Risk Management in Key Infrastructure Sectors
The Global Infrastructure Outlook estimates global investments for 2016 to 2040 in Air-transport and Ports to be USD 2.1 trillion and USD 1.7 trillion respectively in a Business as Usual scenario. For Railways and Roads (including bridges) the expected investment is estimated to be USD 10 trillion and USD 26 trillion over the same period. On the whole an additional investment of USD 10 trillion would be required to maintain the current growth rate and combat the effects of climate change and disasters. This also covers the investment needs for meeting SDGs. In line with expected GDP growth, high initial growth rates in transport demand are expected to moderate over time. The strongest growth will be in the Asia region and between the large emerging economies (China, India), Europe and North America regions.
World GDP and Transport Demand Growth (Source: OECD 2011)
The OECD estimates that with global GDP doubling by 2030, airline traffic worldwide will grow by around 4.7% per annum (p.a.) over 2010-30, air freight will increase by approximately 5.9% p.a. Over the same period maritime container traffic will increase by more than 6% p.a., and rail passenger and freight traffic worldwide by around 2-3% p.a. This means that airline passenger traffic could double in 15 years; air freight could triple in 20 years; and, port handling of maritime cargo worldwide could quadruple by 2030.
Energy / Power
The energy sector represents sub-systems ranging from power generation to transmission to distribution. It is estimated that globally USD 26 trillion will have to be invested in this sector from 2016 to 2030 to sustain the current growth rate. An additional investment of USD 2.9 trillion will be required to meet the SDG targets for the energy sector.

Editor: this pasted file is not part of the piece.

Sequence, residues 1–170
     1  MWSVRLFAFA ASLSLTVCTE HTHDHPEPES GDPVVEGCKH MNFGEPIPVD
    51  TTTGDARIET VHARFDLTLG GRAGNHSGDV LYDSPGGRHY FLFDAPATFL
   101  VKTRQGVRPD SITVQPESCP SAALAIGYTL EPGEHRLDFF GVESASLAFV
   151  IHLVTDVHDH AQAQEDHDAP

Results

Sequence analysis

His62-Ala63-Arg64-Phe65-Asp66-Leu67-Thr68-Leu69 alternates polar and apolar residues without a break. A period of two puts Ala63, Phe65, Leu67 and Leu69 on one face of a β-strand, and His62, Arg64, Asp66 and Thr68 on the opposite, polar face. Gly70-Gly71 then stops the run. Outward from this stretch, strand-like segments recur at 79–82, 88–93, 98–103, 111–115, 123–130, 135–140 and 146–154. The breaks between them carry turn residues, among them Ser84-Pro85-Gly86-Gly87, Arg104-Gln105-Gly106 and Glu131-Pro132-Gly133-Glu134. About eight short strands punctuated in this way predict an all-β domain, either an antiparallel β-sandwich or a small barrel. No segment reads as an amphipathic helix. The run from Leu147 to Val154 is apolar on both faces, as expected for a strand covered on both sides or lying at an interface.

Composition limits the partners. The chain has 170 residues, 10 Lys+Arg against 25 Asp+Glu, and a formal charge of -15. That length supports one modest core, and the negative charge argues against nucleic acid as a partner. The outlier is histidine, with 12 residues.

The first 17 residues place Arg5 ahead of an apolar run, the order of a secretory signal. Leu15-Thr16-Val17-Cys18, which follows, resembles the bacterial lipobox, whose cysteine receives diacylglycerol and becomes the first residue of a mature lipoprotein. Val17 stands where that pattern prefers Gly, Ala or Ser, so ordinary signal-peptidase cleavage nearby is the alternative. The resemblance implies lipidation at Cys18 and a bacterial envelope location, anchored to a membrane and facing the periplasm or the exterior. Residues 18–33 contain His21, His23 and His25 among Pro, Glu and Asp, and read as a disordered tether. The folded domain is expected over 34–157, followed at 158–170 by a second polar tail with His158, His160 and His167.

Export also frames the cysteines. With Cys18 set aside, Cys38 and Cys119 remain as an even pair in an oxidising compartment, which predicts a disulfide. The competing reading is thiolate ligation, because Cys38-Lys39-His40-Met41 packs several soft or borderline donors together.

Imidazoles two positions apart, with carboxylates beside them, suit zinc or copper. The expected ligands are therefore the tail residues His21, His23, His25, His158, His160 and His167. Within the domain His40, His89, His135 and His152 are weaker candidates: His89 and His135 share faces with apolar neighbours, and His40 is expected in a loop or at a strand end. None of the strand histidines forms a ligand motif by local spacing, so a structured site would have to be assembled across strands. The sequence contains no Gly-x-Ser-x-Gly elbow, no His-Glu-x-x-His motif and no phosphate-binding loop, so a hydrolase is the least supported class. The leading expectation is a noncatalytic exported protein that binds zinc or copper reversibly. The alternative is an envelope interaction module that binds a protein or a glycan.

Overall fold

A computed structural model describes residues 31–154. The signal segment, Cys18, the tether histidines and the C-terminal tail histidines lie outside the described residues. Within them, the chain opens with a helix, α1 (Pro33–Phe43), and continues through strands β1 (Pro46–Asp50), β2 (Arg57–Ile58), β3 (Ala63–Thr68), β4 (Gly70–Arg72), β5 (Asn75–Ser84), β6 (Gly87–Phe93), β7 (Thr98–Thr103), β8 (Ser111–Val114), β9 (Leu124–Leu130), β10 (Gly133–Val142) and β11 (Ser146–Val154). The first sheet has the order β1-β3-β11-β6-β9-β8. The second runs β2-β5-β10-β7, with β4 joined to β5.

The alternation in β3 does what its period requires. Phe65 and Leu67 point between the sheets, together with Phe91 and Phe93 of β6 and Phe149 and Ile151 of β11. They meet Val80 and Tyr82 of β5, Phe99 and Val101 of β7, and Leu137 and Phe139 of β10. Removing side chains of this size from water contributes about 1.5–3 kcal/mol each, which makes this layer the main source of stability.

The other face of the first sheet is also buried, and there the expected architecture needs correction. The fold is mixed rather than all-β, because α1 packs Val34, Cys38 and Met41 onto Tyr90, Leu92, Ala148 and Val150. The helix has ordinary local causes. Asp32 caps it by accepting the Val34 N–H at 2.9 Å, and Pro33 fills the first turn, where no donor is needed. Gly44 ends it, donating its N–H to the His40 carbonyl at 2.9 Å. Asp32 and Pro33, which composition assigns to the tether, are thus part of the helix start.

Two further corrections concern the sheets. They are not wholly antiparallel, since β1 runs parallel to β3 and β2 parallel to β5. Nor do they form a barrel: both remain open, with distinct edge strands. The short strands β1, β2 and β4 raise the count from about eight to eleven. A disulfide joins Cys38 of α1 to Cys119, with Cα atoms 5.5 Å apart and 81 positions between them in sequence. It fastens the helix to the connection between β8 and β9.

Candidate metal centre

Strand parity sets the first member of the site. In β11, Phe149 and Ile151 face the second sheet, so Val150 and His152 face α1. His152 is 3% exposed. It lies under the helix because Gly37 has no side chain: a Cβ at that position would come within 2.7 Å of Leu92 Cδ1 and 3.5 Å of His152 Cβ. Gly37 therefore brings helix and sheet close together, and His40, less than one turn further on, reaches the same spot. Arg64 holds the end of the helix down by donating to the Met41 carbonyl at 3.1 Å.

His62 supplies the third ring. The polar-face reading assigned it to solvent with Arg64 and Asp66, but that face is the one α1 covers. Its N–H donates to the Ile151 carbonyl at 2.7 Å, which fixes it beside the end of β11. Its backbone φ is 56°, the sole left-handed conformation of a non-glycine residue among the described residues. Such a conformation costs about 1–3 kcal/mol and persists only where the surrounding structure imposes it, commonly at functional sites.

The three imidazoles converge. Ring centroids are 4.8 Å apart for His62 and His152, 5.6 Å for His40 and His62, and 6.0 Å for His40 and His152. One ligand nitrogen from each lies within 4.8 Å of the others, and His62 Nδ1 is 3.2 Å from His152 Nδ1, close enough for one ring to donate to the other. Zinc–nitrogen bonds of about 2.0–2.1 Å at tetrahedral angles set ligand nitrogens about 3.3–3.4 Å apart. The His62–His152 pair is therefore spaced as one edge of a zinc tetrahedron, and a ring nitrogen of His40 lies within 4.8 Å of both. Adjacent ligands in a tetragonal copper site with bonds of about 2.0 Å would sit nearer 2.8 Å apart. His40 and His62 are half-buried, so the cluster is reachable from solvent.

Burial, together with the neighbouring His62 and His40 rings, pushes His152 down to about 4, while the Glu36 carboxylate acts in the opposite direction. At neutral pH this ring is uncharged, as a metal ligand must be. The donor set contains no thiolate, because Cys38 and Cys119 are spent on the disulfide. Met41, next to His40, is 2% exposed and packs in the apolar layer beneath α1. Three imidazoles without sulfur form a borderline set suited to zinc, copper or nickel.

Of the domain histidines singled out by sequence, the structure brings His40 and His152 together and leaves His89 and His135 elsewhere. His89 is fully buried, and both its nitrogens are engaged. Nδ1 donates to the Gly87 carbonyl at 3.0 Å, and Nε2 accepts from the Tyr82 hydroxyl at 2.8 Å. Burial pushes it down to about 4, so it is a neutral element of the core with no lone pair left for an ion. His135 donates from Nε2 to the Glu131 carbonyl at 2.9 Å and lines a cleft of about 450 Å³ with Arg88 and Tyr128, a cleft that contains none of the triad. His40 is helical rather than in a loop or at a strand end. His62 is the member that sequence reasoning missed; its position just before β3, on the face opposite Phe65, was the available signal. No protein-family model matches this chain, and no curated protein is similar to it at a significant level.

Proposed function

Global Energy Sector Investment Needs 2016-2040 (Source: Global Infrastructure Outlook)
The various subsystems of energy infrastructure are exposed to disaster risks which can be managed by adopting appropriate standards. While risk assessment and evaluation is hard-wired in the design of assets built since the 1980s, many assets (for e.g. hydroelectric dams) currently under operation were commissioned or built prior to this.
A functioning telecommunications network is critical for effective post-disaster response. This externality motivates the need for resilience in telecommunications networks beyond mere avoidance of loss of assets. When damages and disruption do occur in these sectors they need to be able to recover swiftly to aid response operations.
Global Telecom Sector Investment Needs 2016-2040 (Source: Global Infrastructure Outlook)
The Global Infrastructure Outlook1 estimates global investments for 2016 to 2040 in telecommunications to be USD 7.8 trillion in a business as usual scenario. It estimates that an additional investment of USD 1 trillion would be required for a total investment of USD 8.8 trillion to maintain the current growth rate and combat the effects of climate change and disasters.
Given the large number of people living in low-lying and coastal regions, and the large inter-annual variation associated with hydro-meteorological hazards, there is an imminent need to build good quality disaster control infrastructure. Disaster Control Infrastructure (DCI) are infrastructure assets which are designed specifically to protect populations and assets in hazard prone locations from the effects of the hazard. DCI includes structures such as river embankments, sea walls, dikes, storm surge barriers, cyclone shelters etc.
Design of these infrastructure systems is based on an understanding of past hazard patterns and expected return periods of extreme hazard events. Uncertainties associated with the local level manifestations of climate change pose a significant challenge in the design of disaster control infrastructure.